Field performance and molecular profiles of Mexican lime selections

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Abstract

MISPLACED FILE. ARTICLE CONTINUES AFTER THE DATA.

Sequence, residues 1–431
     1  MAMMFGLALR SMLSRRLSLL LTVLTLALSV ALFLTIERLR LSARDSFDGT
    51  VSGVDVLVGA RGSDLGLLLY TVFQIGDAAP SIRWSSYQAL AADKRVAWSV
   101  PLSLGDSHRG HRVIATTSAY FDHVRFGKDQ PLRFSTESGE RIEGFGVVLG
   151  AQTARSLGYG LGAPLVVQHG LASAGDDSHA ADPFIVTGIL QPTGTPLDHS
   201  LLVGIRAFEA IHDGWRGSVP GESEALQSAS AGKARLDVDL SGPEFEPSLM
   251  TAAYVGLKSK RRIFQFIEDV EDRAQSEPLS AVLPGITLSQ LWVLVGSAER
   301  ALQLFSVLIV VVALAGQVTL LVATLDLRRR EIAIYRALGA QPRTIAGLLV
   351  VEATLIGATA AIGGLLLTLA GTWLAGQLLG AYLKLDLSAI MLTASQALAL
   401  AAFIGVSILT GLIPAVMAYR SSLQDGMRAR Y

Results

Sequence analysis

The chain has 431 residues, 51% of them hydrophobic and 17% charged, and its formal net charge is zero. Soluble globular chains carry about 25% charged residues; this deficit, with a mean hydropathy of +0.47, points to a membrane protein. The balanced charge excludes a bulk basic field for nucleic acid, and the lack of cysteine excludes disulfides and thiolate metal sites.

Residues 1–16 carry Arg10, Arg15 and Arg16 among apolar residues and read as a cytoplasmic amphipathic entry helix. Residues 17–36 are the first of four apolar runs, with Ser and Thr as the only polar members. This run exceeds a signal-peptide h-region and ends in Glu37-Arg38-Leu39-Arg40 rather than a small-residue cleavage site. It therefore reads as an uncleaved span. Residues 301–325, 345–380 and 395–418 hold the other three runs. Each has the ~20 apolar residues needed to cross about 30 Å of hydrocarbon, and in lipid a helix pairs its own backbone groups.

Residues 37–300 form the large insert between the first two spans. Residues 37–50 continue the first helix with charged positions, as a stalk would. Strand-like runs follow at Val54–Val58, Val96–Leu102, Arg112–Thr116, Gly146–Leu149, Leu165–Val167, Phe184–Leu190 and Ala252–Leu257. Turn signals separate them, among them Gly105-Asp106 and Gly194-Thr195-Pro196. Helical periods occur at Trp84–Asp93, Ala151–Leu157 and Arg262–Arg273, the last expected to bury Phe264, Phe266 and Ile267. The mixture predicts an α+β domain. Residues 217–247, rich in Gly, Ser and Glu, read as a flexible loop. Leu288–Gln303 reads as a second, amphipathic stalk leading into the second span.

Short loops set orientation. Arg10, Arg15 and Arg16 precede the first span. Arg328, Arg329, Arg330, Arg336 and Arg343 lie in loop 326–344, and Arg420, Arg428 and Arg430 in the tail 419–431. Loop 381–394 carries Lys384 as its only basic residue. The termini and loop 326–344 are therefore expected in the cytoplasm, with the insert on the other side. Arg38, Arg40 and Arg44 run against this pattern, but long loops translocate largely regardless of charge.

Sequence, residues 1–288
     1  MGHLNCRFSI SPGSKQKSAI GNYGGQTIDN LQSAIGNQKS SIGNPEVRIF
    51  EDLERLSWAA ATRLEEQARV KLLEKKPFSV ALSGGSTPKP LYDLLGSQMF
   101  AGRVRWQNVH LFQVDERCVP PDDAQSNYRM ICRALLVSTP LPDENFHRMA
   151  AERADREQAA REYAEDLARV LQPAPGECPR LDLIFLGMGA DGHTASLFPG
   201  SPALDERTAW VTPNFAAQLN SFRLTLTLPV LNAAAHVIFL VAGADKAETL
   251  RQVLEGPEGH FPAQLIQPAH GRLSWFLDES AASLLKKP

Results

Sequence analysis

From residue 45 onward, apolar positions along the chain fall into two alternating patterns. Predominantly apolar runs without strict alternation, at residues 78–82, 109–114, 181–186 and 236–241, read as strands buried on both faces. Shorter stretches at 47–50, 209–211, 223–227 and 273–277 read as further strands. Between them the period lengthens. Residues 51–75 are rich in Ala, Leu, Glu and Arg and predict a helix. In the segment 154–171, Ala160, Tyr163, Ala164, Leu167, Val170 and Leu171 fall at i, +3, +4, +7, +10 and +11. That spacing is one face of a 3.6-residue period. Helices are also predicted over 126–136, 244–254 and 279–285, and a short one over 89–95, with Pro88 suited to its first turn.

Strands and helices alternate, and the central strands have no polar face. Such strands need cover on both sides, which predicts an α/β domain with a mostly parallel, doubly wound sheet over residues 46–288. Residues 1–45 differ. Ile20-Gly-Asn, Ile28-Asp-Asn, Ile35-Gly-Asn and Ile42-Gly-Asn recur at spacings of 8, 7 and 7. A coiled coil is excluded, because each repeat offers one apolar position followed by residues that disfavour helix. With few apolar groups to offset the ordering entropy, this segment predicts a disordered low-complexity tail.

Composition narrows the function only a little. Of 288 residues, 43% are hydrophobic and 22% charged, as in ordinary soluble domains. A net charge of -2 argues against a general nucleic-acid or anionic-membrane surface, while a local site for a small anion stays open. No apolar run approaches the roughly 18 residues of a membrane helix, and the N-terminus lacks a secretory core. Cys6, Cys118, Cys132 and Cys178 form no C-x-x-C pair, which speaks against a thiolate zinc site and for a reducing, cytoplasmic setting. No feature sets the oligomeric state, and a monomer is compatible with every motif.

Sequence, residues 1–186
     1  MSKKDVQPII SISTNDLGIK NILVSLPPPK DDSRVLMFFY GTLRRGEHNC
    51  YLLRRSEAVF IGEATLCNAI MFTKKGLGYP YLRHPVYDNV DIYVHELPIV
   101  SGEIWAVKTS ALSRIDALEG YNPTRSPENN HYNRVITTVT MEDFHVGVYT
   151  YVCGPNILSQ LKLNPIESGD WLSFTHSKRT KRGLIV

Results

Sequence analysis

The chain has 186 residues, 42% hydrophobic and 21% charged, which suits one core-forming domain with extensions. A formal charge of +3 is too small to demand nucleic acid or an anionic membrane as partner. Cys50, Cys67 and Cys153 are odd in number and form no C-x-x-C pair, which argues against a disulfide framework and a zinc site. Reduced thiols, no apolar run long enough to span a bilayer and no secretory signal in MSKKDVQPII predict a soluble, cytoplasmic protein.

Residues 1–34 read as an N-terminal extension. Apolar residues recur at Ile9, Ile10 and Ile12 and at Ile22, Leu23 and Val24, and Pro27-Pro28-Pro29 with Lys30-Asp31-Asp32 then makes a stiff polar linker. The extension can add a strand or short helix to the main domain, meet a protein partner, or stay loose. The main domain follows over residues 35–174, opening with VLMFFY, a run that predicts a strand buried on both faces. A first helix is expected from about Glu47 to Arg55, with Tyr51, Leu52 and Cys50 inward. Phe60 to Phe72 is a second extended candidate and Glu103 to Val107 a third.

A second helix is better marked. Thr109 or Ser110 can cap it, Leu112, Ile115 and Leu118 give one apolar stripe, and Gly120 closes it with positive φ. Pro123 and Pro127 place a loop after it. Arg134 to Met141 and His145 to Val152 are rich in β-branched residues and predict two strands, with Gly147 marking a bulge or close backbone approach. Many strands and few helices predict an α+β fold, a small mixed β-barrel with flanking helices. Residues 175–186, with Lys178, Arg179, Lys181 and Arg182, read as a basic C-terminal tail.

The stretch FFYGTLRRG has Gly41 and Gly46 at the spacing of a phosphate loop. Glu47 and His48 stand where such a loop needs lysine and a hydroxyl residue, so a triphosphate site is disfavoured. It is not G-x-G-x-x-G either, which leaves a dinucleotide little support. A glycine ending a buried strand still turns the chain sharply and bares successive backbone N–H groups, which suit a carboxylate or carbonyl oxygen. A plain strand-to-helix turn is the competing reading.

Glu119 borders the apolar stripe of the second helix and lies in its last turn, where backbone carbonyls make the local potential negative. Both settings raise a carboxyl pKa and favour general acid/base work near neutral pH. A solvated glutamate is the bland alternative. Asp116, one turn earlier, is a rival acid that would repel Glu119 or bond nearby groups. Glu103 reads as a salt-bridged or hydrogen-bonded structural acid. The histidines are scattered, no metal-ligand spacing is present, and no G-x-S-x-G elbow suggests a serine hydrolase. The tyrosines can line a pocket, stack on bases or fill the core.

The Mexican lime industry is interested in developing lime cultivars with improved characteristics for fresh and processing markets. The objective of this study was to determine the field performance and genetic molecular differences among four new Mexican lime [Citrus aurantifolia (Christm) Swingle] clonal selections compared to traditional thorny Mexican lime under the dry tropical conditions of Mexico. Tree growth, production, fruit quality, and molecular markers of the traditional thorny Mexican lime (MLT) cultivar were compared to the following lime selections: thornless Mexican lime (MLTS), seedless Mexican lime (MLS), ML 12-8, and ML 20-3. After 10 years of evaluation MLS showed the highest and MLTS the lowest tree growth. Most of the genotypes covered the soil surface area assigned to tree growth since they were 7 years old. Only the less vigorous MLTS required 9 years to cover the same space. MLT was the most productive selection (165 kg/tree/year, mean of 8 years of evaluation). MLS was the less productive (81 kg/tree in the same period of time). MLTS, ML 12-8, and ML 20-3 produced intermediate yields. Acidity and total soluble solids among the selections were very similar. However, MLS had the higher juice content and the lower seed number. The MLS selection is attractive for export market due to these characteristics. AFLP studies confirmed genetic differences among the five lime selections. Nevertheless, all five selections shared many bands as expected.

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